Ethiopia set to open its first Micro-algae production lab for processing of food supplements

ETHIOPIA – Ethiopia is set to launch its first ever laboratory for producing microalgae seeds as by-product for the production of food supplements aimed to fight malnutrition among children in the country.

The laboratory worth Birr 8 million (US$227m) is expected to start production in six months-time and will be run by the Ethiopian Biotechnology Institute.

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It is a containerized laboratory that can be moved between multiple sites, with an air conditioner, a microscope, accessory materials and automatic backup generators among other features.

Once operational, it will be able to produce up to 100lt of inocula at a time. The inocula will be used to feed algae ponds, which can produce 200tn of dry spirulina per year, a supplement and ingredient made from blue-green algae, reports Addis Fortune.

Supported by the Ministry of Innovation & Technology, the idea was conceived by researchers at Addis Abeba University.

The lab can also be used as an isolation, training and quality control centre.

“Although many attempts have been made to conduct research on micro-algae at various institutions and universities, it failed due to the unfavorable environment, and the general microbiology laboratory has not been able to meet the requirements the micro-algae need,” said Kassahun Tesfaye, director-general Ethiopian Biotechnology Institute.

Micro-algae are used to provide nourishment to humans and animals. They prevent stunted growth, which is a largely irreversible result of chronic under-nutrition that leads to weaker immune systems and diminished cognitive capacity.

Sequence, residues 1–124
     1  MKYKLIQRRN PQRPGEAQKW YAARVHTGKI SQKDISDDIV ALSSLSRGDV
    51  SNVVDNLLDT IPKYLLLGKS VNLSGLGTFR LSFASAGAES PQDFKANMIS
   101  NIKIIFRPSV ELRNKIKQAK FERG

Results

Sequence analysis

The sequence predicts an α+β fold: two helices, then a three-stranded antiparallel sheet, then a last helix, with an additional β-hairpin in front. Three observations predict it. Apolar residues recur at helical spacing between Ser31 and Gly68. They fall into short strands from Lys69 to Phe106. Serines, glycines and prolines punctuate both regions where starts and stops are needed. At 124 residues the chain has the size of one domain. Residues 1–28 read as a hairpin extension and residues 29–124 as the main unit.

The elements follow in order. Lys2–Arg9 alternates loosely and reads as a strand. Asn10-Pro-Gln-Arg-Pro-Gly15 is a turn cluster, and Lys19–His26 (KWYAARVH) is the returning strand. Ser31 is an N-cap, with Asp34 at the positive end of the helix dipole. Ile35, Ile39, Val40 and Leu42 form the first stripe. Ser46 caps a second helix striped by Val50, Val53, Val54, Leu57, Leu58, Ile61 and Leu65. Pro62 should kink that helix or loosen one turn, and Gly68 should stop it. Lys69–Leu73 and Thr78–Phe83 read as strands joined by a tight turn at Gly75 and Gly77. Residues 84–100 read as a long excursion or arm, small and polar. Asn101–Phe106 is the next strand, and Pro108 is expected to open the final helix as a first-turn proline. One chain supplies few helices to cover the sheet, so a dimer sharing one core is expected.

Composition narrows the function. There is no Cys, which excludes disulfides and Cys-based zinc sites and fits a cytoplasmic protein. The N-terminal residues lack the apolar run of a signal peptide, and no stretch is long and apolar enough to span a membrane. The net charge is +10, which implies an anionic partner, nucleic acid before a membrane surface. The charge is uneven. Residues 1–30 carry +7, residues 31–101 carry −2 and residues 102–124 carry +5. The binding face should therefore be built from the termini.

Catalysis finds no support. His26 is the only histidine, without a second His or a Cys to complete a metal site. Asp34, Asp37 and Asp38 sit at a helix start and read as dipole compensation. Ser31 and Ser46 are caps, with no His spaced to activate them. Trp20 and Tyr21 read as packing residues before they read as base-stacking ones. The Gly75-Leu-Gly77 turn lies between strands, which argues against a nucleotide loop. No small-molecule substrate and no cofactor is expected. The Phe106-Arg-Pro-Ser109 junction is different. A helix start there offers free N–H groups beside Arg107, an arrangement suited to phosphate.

In Ethiopia, about 35% of children under five years age are suffering from chronic malnutrition, stunting or low height-for-age.

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In the long term, the Institute plans to produce child formula in Ethiopia.

After the replication of the micro-algae seeds, the Institute will work on substituting the import of nutritional products and to penetrate the export market, as well as by involving the private sector, since the country has a potential source of genetic micro-algae.

Globally, Unilever and biotech start-up Algenuity have partnered to delve into the huge potential microalgae bring in innovating future foods for Unilever’s plant-based portfolio.

Algenuity, which specialises in developing microalgae for use in consumer products, will work with the R&D team within Unilever’s Foods and Refreshment (F&R) division to explore ways of bringing foods made with microalgae to the market.

Developing alternative protein sources like microalgae represents a significant step forwards in the critical shift needed to an equitable and resilient food system.

Unilever and Algenuity recognise the key role that diverse, plant-based proteins like microalgae will play in transitioning towards this new food system.

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